Monday, 12 November 2012

Flashes: What the robot saw.

Those horrific eyes stared out, aghast, over a landscape that deserved it. The desert stretched long and wide in all directions. Distant cities had stopped smouldering long ago.

A shimmering blue oval expanded in the air, and lowered itself to a few inches from the road.

'...So I said to the whale, no you don't, I've got the biggest balls in this universe, 'cos it's my universe! Pahaaaaahahaha!'

The jackal skipped out of the portal and started laughing like a hyena, without any sense of irony, at his own joke. The others followed: a spacequeen, a blacksmith, and a man with blue skin.

'Well what about this universe?' said the blue man. 'It's not your universe now, is it?'

The blacksmith frowned, glaring at the skyline.

'Doesn't matter, I'll take on anyone—'

The jackal sniffed. 'What's that? In the air?'

The spacewoman frowned too, then looked at a wrist implant. 'Shit. Radiation.'

'Radi-what?'

The blue man blinked rapidly, and was immediately swallowed by a huge reflective egg. His eyes peeked out of a tiny window. The egg wobbled. 'Are you sure?'

'You really are a baby,' the spacequeen sighed, slapping the egg somewhere near his shoulder. 'Can't you just monitor your own molecular biology like everyone else?'

'I didn't know you could do that.'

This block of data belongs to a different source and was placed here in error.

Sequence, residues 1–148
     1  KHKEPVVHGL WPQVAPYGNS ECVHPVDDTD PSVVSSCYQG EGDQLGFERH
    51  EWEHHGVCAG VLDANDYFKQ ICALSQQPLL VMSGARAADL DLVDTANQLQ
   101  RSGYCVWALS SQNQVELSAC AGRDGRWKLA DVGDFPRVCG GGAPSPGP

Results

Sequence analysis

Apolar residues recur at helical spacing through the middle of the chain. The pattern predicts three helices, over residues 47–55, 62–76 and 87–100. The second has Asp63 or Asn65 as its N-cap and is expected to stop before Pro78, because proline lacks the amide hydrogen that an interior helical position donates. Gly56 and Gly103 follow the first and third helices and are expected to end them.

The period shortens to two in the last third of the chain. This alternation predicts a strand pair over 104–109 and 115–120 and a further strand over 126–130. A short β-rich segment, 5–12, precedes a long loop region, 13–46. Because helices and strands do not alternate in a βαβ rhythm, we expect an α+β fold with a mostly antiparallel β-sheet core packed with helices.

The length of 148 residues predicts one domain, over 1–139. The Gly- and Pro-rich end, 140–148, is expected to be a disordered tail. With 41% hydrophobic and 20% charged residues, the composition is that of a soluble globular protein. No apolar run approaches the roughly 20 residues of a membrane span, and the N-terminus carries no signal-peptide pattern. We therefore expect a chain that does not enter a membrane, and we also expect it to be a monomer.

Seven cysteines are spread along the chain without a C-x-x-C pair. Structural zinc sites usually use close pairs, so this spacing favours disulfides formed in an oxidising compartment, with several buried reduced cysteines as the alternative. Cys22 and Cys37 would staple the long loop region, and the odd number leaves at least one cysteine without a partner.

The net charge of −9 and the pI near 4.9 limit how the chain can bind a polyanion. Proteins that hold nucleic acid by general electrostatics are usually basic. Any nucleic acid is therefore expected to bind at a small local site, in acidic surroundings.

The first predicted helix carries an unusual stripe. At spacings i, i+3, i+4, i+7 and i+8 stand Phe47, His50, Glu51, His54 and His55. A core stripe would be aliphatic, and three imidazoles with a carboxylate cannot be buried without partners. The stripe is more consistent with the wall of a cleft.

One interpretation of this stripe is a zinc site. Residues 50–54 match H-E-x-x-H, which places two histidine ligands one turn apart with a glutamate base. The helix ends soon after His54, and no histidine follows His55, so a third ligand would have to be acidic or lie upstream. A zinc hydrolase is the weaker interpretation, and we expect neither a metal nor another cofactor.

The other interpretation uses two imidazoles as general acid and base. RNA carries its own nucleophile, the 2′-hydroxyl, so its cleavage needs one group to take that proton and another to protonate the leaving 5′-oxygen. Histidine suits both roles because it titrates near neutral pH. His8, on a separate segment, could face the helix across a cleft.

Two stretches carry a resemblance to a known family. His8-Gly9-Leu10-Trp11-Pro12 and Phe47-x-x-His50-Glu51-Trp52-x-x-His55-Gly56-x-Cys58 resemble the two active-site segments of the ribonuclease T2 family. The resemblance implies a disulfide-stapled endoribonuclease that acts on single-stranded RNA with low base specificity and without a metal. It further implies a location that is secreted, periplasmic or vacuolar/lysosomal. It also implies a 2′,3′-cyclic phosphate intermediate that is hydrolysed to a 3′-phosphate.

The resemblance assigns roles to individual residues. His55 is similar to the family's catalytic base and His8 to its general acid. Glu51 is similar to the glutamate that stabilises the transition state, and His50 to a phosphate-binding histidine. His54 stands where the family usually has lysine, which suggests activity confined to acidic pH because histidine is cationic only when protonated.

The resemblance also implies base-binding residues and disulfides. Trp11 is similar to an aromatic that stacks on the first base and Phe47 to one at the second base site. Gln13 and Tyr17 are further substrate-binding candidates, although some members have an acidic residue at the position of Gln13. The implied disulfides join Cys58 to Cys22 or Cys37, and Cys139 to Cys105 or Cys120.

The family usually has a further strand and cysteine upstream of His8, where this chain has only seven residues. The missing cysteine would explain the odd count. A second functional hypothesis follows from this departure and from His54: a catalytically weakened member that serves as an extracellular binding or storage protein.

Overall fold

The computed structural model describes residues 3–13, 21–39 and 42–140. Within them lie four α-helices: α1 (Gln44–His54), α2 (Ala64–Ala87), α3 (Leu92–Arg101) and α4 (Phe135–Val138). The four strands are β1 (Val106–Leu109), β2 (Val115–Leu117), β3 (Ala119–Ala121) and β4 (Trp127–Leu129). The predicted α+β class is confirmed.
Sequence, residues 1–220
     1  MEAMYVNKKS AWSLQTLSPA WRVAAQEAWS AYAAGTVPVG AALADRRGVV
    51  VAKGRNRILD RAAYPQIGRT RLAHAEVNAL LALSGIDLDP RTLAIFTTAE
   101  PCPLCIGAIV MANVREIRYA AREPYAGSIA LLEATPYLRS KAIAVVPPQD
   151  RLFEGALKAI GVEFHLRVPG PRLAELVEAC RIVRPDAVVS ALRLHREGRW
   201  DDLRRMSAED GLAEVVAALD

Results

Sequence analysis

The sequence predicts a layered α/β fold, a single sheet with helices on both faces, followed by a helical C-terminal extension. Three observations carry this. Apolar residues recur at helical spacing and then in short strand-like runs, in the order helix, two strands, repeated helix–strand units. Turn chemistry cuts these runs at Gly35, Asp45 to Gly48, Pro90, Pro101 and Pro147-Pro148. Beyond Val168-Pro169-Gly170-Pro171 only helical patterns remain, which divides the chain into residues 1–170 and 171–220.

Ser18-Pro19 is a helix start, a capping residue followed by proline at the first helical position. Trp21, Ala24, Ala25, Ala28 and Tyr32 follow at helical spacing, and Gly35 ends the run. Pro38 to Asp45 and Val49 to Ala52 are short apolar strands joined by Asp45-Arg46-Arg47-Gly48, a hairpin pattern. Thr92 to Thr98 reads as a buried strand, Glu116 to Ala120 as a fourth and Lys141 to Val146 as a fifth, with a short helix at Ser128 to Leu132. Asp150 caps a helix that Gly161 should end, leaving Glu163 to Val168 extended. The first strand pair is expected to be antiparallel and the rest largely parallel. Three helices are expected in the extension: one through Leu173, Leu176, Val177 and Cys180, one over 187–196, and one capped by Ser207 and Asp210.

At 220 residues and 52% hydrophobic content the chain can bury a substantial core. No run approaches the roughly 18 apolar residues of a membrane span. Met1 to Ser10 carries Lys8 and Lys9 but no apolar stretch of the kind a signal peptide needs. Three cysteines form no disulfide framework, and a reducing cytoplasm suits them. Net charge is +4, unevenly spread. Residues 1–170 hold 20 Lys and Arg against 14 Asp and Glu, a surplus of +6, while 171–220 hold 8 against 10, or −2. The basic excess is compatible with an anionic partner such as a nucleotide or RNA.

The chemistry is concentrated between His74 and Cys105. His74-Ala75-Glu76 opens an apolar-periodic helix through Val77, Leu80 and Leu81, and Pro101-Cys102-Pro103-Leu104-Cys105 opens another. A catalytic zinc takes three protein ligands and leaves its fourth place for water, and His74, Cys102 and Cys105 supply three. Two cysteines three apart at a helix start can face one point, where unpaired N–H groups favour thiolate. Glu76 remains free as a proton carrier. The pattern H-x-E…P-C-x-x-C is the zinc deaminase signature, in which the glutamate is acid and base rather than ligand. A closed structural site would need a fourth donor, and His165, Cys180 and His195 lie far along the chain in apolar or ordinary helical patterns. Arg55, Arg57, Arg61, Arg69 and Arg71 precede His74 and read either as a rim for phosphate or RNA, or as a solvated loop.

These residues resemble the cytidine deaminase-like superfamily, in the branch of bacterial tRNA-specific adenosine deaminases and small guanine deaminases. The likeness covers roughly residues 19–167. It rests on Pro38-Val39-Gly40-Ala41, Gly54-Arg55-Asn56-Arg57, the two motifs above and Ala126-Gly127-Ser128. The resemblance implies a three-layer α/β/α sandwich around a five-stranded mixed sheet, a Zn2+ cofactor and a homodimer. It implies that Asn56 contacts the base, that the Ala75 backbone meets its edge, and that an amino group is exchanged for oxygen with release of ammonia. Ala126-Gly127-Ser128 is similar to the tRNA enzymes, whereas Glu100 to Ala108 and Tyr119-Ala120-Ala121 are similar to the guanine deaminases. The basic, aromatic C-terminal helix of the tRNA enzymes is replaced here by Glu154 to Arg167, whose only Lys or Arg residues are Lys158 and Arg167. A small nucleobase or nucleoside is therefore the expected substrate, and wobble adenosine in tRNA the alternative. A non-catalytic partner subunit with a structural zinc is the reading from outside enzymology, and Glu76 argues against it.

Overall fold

The blacksmith pinched his nose, closing his eyes tightly. 'You mean to tell me, you lived under the sea, inside fifteen Russian-doll realities, as a coathanger, but when jumping dimensions you switch back to an ordinary human? Version 0.1?!'

'Hey! Version 0.5 at least!'

'Does that thing even have wheels?'

'Aha, the answer to that is yes!' The man inside the egg swiped a panel with his thumb. The egg instantly sprouted fins. Suitable for swimming, or perhaps flying.

'Well now that you're safe and highly manoeuvrable,' said the jackal loftily, hopping in the heat, 'perhaps our elegant guide can tell us what we're doing here?'

They stood on a highway running straighter than a bullet from one horizon to the other. The tarmac was surprisingly clean, new, shiny even. Under the intense glare of a made-up sun, it cut through the desert's amber dirt smartly.

'Something's wrong with the co-ordinates,' she said. 'And it looks like this guy can help.'

They looked at the robot.






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